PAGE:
• When you require a residential permit and/or a visa, your educational organisation will usually file for your appliance, assuming that you meet all requirements. Your educational institution will supply you with all relevant information. More general information can be found on the website of the Dutch immigration authority:
  • Make sure to have the appropriate level of health and liability insurances:
  • More general information about studying in the Netherlands:

Be aware: not all ads scan be trusted, recognize a rental scam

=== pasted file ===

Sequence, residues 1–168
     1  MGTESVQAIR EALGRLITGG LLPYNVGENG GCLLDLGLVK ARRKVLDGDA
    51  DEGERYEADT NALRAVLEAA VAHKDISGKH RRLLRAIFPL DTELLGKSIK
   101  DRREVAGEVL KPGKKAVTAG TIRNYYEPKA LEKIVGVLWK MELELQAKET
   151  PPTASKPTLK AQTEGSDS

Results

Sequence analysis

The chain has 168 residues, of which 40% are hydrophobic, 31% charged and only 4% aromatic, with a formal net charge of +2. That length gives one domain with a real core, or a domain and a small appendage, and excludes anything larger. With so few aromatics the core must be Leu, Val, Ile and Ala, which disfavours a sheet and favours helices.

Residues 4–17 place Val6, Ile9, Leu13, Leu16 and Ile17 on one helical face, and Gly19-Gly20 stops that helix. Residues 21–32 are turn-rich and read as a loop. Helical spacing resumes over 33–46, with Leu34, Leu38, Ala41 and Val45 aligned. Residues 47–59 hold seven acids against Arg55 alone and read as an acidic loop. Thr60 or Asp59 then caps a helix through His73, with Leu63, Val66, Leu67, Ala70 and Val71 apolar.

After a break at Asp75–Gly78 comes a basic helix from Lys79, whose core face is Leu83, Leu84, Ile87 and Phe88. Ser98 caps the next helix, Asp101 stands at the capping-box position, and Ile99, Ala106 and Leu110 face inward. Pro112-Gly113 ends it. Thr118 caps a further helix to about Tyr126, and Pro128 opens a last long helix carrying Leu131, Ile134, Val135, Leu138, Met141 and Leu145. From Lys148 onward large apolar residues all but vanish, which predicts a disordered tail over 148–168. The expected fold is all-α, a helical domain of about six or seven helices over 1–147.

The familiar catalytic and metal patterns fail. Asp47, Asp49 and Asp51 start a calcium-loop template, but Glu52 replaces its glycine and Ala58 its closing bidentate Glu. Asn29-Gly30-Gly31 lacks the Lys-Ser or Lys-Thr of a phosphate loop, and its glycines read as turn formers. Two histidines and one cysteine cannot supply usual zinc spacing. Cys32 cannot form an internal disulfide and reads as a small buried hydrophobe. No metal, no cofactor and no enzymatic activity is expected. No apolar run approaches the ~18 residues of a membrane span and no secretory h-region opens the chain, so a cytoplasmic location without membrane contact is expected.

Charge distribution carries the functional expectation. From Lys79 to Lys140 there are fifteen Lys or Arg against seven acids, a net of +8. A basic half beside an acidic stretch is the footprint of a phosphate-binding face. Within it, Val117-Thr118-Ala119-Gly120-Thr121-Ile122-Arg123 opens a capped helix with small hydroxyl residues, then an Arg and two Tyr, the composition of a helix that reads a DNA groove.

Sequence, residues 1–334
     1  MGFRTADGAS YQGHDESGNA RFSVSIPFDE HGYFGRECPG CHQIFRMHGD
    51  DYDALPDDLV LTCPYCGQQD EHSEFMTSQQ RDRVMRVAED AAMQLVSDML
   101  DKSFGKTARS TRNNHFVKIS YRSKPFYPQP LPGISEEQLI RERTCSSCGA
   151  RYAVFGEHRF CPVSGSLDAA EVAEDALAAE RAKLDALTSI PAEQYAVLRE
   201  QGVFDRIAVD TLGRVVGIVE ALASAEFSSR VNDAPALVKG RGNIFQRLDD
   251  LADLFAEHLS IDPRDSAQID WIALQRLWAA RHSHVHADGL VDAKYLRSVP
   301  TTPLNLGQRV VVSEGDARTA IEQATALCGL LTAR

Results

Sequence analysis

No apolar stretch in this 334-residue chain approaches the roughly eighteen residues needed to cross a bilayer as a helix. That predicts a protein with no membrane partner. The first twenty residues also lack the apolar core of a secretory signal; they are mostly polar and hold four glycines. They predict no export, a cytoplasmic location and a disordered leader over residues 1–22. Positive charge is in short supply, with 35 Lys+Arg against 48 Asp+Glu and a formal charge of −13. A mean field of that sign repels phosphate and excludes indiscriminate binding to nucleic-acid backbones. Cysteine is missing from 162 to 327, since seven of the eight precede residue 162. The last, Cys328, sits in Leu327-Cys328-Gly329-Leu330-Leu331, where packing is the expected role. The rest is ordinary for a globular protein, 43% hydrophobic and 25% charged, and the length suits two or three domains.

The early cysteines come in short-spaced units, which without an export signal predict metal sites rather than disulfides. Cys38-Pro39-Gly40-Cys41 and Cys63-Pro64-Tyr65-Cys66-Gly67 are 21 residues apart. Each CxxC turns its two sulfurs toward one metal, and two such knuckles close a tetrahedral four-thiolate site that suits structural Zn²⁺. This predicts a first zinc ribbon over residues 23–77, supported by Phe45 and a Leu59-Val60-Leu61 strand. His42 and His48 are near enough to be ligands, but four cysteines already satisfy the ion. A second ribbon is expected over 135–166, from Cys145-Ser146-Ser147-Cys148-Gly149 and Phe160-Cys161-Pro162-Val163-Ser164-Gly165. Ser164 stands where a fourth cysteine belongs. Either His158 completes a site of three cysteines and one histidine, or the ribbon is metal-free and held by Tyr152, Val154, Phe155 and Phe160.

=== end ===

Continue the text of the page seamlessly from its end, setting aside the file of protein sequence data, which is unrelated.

So, you think you’ve found suitable rental accommodation. That’s great! But before agreeing to anything, follow the advice below to make sure you don’t fall victim to a rental scam.

  • Make sure the accommodation is being rented out via an official website or company.
  • Check out the address in Google maps, to make sure it really exists.
  • Scammers often use stolen identities. Search for their photo online. Make an appointment to meet in person or through Skype. Make sure the landlord is actually the person he/she claims to be.
  • Never send a copy of your passport or credit/debit card to strangers.
  • As housing is scarce, you might receive unwanted e-mails from scammers trying to rent out (non-existing) accommodation. Be aware of unsolicited e-mails.
  • Never sign a housing contract without having first read it carefully. Be sure you fully understand and agree with what you are signing. Get someone to translate it for you if necessary.